4.2. Links between Complex III Activity in Haematopoietic Stem Cells and Haematopoiesis

Haematopoietic stem cells (HSCs) display a mainly glycolytic phenotype. However, the importance of HSC mitochondrial activity for hematopoiesis was demonstrated by the same team, by depleting complex III in murine fetal hematopoietic stem cells. As for RISP-null Treg cells, RISP-null fetal HSCs maintained their proliferation. However, HSC impaired respiration was accompanied by a decreased NAD+/NADH ratio and, as observed for RISP-null Treg cells, levels of the metabolites 2-hydroxyglutarate and succinate were increased, as that of fumarate. The functional consequences of RISP-dependent complex III depletion and the resulting unbalanced metabolite production were the inability of HSCs to generate multipotent progenitors, leading to mice anemia and fetal death [86].

4.3. Links between Complex III Activity in Endothelial Cells and Angiogenesis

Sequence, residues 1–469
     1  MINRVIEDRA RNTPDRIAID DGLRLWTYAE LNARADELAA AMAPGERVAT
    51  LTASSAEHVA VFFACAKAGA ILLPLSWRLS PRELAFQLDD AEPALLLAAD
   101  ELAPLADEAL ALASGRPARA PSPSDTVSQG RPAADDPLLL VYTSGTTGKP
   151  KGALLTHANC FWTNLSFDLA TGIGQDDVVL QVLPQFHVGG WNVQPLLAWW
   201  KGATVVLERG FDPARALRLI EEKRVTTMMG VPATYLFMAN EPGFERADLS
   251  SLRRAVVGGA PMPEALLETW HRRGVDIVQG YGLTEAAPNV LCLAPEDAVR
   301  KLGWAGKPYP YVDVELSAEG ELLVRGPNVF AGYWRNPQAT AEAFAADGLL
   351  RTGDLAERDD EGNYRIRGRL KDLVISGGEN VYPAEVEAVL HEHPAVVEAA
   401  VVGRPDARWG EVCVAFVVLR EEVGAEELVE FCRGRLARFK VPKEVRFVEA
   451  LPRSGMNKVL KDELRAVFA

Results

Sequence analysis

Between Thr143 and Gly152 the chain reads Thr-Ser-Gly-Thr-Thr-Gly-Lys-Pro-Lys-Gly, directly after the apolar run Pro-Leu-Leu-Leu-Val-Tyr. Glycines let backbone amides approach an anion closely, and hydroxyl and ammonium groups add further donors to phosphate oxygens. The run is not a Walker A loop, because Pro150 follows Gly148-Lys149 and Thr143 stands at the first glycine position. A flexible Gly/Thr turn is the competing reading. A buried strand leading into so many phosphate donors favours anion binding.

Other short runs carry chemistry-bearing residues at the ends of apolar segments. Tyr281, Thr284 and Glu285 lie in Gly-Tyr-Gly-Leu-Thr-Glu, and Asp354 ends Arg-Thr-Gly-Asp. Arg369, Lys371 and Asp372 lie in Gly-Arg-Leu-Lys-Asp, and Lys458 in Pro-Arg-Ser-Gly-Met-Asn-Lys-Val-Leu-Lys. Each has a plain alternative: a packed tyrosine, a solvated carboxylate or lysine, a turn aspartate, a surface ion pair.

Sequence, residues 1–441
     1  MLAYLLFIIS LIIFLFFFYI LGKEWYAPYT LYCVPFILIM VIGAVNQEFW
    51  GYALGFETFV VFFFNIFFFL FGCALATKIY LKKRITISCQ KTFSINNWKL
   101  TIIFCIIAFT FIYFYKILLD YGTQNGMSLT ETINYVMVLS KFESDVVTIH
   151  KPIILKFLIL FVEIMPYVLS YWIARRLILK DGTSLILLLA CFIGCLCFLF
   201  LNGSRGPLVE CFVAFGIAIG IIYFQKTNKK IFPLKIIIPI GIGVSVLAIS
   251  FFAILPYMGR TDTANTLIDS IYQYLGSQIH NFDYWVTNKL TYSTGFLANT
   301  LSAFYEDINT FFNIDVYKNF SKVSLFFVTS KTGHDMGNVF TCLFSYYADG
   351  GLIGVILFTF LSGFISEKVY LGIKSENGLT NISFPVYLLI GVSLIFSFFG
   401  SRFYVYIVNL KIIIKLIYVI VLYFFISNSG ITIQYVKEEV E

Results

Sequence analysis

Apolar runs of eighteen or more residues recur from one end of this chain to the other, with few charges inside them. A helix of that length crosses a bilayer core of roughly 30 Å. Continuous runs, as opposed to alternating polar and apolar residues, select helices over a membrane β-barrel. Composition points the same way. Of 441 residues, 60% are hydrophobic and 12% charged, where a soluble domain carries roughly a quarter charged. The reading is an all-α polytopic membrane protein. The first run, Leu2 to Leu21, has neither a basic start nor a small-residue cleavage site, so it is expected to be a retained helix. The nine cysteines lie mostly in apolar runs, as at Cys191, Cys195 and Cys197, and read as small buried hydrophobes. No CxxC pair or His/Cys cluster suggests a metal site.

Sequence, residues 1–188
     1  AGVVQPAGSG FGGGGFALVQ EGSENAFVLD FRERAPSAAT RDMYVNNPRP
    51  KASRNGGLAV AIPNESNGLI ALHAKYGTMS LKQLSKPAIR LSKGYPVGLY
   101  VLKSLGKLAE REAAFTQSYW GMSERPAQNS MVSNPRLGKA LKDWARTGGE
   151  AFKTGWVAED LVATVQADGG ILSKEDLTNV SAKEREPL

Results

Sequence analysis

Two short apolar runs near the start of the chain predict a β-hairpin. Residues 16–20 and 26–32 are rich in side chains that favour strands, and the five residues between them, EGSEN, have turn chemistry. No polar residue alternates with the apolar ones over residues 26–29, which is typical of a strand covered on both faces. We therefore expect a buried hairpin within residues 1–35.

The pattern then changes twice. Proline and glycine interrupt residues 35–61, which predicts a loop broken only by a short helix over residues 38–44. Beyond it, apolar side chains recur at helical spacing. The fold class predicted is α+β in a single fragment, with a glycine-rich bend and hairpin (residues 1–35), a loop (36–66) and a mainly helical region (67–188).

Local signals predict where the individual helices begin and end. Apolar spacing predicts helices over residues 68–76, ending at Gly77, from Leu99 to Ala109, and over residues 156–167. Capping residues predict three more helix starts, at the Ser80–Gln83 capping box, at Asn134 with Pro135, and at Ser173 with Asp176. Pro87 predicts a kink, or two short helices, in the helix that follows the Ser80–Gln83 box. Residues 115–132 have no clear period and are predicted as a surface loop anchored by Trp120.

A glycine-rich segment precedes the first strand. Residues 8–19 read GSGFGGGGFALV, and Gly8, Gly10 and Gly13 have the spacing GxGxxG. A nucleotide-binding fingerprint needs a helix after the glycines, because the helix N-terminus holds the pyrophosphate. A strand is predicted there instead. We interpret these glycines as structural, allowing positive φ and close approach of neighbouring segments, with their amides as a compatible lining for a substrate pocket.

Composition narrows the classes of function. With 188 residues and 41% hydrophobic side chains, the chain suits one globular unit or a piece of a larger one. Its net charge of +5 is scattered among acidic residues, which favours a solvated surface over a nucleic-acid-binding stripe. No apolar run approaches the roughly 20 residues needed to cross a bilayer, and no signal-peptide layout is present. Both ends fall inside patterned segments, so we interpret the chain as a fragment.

Endothelial cells (ECs) also primarily use glycolysis for ATP production, vessel sprouting, and angiogenesis. However, in addition to glucose that fuels glycolysis, endothelial cells can also take up fatty acids and glutamine that fuel the TCA cycle and, further, the ETC. By antimycin inhibition of complex III in human umbilical vein endothelial cells (HUVECs) in vitro, Chandel and collaborators showed that complex III is necessary for angiogenesis through the maintenance of NAD+/NADH ratios, aspartate concentrations, and proliferation of endothelial cells. These effects of a dysfunctional complex III in reducing NAD+/NADH ratios, proliferation, and angiogenesis were confirmed in vivo in mice harboring a deletion of the Uqcrq gene, encoding the ubiquinol-binding protein QPC, a critical subunit of complex III. They were accompanied by a loss of postnatal retinal and lung angiogenesis, as well as melanoma angiogenesis in a B16-F10 melanoma model [87].